"Grace interrupting Karma"

In October Jana and I took our two boys (ages 12 and 9) to the U2 concert in Dallas. We had a great time and it encouraged me to fill in the gaps of my U2 knowledge. I first heard of U2 during my senior year of high school. I had some friends into the punk scene and they told me about this hot new group out of Ireland. That is how I was introduced to albums Boy, October and War. Later that year The Unforgettable Fire (still my favorite album) came out and, due to that brand new show--MTV--U2 burst into the mainstream. They later reached their tipping point with The Joshua Tree.

I lost track of U2 after The Joshua Tree, largely missing Achtung Baby, Zooropa, and Pop. I picked back up with the band in 2000 with All That You Can't Leave Behind.

After the concert I wanted to satisfy my curiosity about the band, how they started, their spiritual journey, their off-stage lives and activities. So this holiday I've been reading the book U2 by U2, an autobiography of the group pulled from hundreds of hours of interviews. It's a great read, with the voice of the book moving from band member to band member in a chronological sequence. The sound of the book is like the band sitting around conversationally telling their story from start to finish.

There is a lot of gospel in the book. With a great deal of insight offered by Bono about his lyrics and biblical allusions in them. Here's a quote that struck me today. It's a quote from Bono about Grace, the final song from All That You Can't Leave Behind:

[Grace is] my favorite word in the lexicon of the English language. It's a word I'm depending on. The universe operates by Karma, we all know that. For every action there's an equal and opposite reaction. There is some atonement built in: an eye for an eye, a tooth for a tooth. Then enters Grace and turns that upside down. I love it. I'm not talking about people being graceful in their actions but just covering over the cracks. Christ's ministry really was a lot to do with pointing out how everybody is a screw-up in some shape for form, there's no way around it. But then He was to say, well, I'm going to deal with those sins for you. I will take on Myself all the consequences of sin. Even if you're not religioius I think you'd accept that there are consequences to all the mistakes we make. And so Grace enters the picture to say, "I'll take the blame, I'll carry your cross." It's a powerful idea. Grace interrupting Karma.
Here are the lyrics to Grace:

She takes the blame
She covers the shame
Removes the stain
It could be her name

It's a name for a girl
It's also a thought that changed the world
And when she walks on the street
You can hear the strings
Grace finds goodness in everything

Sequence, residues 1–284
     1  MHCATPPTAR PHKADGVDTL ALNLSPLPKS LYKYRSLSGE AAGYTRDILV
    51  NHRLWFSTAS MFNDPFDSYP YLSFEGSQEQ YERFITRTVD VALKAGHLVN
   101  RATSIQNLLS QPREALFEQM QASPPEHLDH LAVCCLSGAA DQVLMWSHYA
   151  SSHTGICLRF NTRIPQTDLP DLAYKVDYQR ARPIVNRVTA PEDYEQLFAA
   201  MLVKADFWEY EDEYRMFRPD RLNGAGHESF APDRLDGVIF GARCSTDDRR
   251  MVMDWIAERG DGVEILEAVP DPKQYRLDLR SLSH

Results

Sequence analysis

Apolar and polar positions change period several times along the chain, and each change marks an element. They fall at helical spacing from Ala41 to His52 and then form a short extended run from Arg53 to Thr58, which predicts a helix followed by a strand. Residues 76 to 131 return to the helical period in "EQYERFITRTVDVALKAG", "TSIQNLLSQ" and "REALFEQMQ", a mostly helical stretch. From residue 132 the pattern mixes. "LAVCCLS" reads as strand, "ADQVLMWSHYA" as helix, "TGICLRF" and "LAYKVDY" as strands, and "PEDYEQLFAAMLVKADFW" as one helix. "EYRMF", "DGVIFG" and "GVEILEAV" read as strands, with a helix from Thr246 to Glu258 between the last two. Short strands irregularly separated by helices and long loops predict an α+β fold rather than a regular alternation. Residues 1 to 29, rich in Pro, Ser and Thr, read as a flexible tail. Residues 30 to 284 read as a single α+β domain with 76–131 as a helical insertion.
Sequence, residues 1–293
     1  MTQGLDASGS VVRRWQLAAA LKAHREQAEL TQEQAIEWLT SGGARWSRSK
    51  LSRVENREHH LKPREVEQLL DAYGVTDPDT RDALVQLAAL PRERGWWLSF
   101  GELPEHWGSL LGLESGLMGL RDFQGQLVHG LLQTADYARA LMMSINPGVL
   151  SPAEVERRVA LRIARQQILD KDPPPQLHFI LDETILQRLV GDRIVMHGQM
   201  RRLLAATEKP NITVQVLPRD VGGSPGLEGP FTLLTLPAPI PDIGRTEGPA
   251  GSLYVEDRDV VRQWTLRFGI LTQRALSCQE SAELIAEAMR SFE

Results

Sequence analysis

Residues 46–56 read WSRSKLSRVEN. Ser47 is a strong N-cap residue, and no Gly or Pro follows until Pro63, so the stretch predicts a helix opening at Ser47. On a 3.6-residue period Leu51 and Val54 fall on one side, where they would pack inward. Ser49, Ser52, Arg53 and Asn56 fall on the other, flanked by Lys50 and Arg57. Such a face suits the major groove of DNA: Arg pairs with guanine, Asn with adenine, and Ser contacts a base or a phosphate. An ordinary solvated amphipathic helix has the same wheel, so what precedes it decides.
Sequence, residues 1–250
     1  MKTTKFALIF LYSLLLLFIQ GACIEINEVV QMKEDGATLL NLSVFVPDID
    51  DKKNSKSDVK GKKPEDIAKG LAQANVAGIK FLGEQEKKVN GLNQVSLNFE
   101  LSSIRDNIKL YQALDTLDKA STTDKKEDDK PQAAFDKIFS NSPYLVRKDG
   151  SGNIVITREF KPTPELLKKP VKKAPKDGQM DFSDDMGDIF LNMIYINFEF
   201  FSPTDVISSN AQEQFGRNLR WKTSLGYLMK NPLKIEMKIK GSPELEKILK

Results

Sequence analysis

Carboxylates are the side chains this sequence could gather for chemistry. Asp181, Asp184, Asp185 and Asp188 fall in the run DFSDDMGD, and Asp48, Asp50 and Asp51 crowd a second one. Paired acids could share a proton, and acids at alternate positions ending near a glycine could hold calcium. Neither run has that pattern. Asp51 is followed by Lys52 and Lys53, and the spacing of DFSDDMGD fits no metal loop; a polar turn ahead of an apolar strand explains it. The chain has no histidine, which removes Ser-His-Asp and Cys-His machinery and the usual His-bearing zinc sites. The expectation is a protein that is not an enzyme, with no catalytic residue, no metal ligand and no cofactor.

Grace, she's got the walk
Not on a ramp or on chalk
She's got the time to talk
She travels outside of karma
She travels outside of karma
When she goes to work
You can hear her strings
Grace finds beauty in everything

Grace, she carries a world on her hips
No champagne flute for her lips
No twirls or skips between her fingertips
She carries a pearl in perfect condition

What once was hurt
What once was friction
What left a mark
No longer stings
Because grace makes beauty
Out of ugly things

Grace makes beauty out of ugly things

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5 thoughts on “"Grace interrupting Karma"”

  1. I know. Too funny. I wrote that, then deleted the pic of the boys for this one, and never changed the text. However, I'm very grateful my kid doesn't look like Bono...

  2. It is interesting in Buddhism (since this is obviously a poke at Buddhism) there are mechanisms for "Grace", just as in Christianity there are mechanism for effort ("works"). Indeed, forgiveness and free gifts must enter the picture of any culture of the mind.

  3. i saw U2 in Norman, OK. That was the absolute best concert i've ever been to. And that despite the fact that the played very little old stuff.

    i think the earlier U2 is really the brilliant stuff. Just about every early album sounds so inspired--so, "hey, i don't care if i'm one person, i'll change the world if it kills me." i like listening to U2 because it makes you feel like you're a part of something bigger than your little circle of life. Some of their music has stirred me even more than some hymns i sing on Sunday morning. HOWEVER, i'd say after Joshua Tree, they really lost their inspirational edge in my view. Their music really sounds so much more image-conscious and "trendy" than pre-Joshua Tree. Track-for-track, War is still my favorite album. But all the early ones are good.

    What did you think of the show in Dallas?

  4. I just found your site when I googled "for every action there is a reaction theology". Surprised found someone just down the road from Brownwood.Working on a sermon based on Mt. 21:33-46, parable of the wicked tenants". I would be curious if you have any thoughts about this idea. P.S. - also Communion Sunday. Also, spot on U2.

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